Thanks for your question. In my estimation, the safest option of those you've given would be the furnace: in this case, an all-electric furnace that does not use any combustible fuels to produce heat. You would also have the option of either a gas, propane, or oil furnace if you prefer a fuel-burning model. Modern furnaces are very safe and reliable whether they use fuel or electricity to generate heat.
The fireplaces and stoves are going to have open flames burning inside them, and someone will have to open these wood and pellet units up to add more fuel. This will expose the open flames. There are flames inside the fuel-burning furnace, too, but they are enclosed and no one has to get near them to fuel the furnace. The fuel comes in through a natural gas utility connection or from a fuel tank. Fireplaces and stoves must also have a flue for venting smoke from the burning wood. Flues can sometimes get overly hot, and if there are holes or loose connections in the flues, cinders might be able to escape into your home's interior, creating a fire danger.
An all-electric furnace will eliminate the need to have a fuel connection and will get rid of potential dangers associated with burning fuel, such as fires, explosions, or carbon monoxide leaks. Of all the options, the all-electric furnace is probably the safest.
Fireplaces and stoves also tend to heat only one room or area sufficiently; they are usually not able to heat a whole home. Furnaces are designed to heat an entire home, providing warm air wherever there is ductwork to direct it. If you don't have enough ductwork installed to reach every room or area in the house you want to heat, you will have to contact your local HVAC expert to have your ductwork system expanded and more ducts installed.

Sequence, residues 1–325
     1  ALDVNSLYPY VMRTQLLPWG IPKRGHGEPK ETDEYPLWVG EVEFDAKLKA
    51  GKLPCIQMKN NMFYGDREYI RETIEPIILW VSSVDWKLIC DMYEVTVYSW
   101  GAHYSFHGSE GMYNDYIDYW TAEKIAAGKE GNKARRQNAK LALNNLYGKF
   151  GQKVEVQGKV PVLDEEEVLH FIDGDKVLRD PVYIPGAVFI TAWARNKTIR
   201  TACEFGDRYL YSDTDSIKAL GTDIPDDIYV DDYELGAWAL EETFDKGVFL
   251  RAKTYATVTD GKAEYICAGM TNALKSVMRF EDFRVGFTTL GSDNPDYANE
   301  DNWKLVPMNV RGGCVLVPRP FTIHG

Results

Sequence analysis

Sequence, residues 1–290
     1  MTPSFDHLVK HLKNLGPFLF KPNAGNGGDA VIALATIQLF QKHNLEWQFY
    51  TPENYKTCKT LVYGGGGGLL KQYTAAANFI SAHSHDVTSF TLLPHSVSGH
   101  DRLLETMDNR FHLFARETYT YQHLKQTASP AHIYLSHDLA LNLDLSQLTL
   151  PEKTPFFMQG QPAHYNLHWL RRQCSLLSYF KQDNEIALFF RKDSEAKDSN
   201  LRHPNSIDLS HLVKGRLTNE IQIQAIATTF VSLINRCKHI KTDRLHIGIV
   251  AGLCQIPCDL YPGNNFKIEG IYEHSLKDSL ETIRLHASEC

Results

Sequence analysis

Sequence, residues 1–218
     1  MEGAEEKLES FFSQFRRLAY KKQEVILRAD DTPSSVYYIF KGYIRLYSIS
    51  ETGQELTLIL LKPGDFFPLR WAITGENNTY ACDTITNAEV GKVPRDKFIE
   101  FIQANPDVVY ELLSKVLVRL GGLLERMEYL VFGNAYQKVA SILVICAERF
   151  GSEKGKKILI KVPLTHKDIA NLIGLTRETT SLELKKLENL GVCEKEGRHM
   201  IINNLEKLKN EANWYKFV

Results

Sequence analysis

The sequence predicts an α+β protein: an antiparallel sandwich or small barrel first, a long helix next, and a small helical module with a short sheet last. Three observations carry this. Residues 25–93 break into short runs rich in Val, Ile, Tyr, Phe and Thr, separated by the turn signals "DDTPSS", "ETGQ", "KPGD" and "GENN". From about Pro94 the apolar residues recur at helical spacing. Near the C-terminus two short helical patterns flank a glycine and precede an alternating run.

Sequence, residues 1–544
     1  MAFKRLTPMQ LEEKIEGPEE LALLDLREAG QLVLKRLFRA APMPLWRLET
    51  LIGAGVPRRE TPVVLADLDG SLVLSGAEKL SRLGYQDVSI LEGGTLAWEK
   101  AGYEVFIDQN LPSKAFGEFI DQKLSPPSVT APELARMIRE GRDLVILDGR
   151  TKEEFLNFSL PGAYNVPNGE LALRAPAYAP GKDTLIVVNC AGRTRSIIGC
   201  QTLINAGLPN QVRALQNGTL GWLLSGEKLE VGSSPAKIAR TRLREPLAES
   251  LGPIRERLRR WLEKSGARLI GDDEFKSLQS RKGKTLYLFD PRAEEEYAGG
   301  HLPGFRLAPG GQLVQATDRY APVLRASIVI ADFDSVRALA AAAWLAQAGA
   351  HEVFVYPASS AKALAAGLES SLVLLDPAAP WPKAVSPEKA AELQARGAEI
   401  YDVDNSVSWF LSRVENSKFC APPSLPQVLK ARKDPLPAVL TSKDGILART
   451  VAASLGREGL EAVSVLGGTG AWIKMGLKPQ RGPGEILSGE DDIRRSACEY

It is extremely important that the furnace you choose is installed and checked by a licensed, professional installer who is well-trained and experienced in furnace installations. Furnace installation is not a "weekend chore" or a do-it-yourself kind of job. A furnace installed by an HVAC expert will be much safer and will run more efficiently and effectively. In most cases, the HVAC company you purchase the furnace from will also install it. Ask about the installer's credentials and licensing to make sure you have an expert on the job. As in all cases when dealing with HVAC equipment, consult with your local trusted HVAC contractor for more specific answers.
I hope this information has been helpful.